The Eastern Puma has been officially declared extinct.

The Eastern Puma has been officially declared extinct.

The majestic large cats historically roamed every state of the US east of the Mississippi River.

But in the latest devastating news from the animal kingdom, the US Fish and Wildlife Service declared the animals extinct on Sunday, removing the Eastern puma from the list of endangered species for the last time.

The Eastern puma’s plight has been ongoing for over a century, and by 1900 they had all but vanished due to systematic hunting and trapping. In fact, Mark Elbroch, the lead scientist for the puma program at the big cats conservation group Panthera, said the cats have been ‘long extinct’.

The the U.S. Fish and Wildlife Service opened an extensive review into the status of the eastern cougar back in 2011.

The forests and coastal marsh predators were only declared endangered in 1973, even though no sightings of the wild cats had been documented for three decades.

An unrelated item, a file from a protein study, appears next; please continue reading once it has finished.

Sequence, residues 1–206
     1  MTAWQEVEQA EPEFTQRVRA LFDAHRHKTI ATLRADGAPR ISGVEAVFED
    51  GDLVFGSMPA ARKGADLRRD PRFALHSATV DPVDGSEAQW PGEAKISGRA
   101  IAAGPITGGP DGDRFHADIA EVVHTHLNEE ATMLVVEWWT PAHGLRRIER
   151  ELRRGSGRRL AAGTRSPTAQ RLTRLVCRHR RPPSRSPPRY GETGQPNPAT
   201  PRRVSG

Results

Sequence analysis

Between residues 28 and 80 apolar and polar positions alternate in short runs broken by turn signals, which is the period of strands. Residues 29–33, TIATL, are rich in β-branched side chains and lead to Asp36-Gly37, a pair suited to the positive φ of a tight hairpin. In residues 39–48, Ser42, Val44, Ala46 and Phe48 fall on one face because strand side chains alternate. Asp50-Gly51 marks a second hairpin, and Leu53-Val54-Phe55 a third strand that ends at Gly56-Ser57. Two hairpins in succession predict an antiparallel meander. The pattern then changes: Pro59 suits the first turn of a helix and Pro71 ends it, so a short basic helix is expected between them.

The last of their kind on record was killed by a hunter in Maine in 1938.

In 2015, federal wildlife biologists concluded pumas elsewhere in the Eastern United States were beyond recovery, and thus no longer warranted protection under the Endangered Species Act.

The cats are the genetic cousin of mountain lions, which still inhabit much of the Western United States, and are related to a small, imperilled population of Florida panthers found only in the Everglades.

They measure up to 8 feet long from head to tail and can weigh as much as 140 pounds (63.5 kg). These beautiful creatures were once the most widely distributed land mammal in the Western Hemisphere.

Then humans happened, and due to an extermination campaign and systematic habitat destruction, the cats are now extinct. Some were trapped and killed for their fur while others were culled to prevent the cats from interfering with livestock.

But marking the Eastern puma as extinct might not mean the end, according to some biologists, and the new status could mean more possibilities for conservation, with the help of the abundant cousins.

Michael Robinson, a conservation advocate at the Center for Biological Diversity, said:

”We need large carnivores like cougars, which would curb deer overpopulation and tick-borne diseases that threaten human health, so we hope Eastern and Midwestern states will reintroduce them.”

Meanwhile, the protection of all animals, including livestock, is sparking huge debate across the globe, with vegan movements and lifestyle choices becoming ever more popular.


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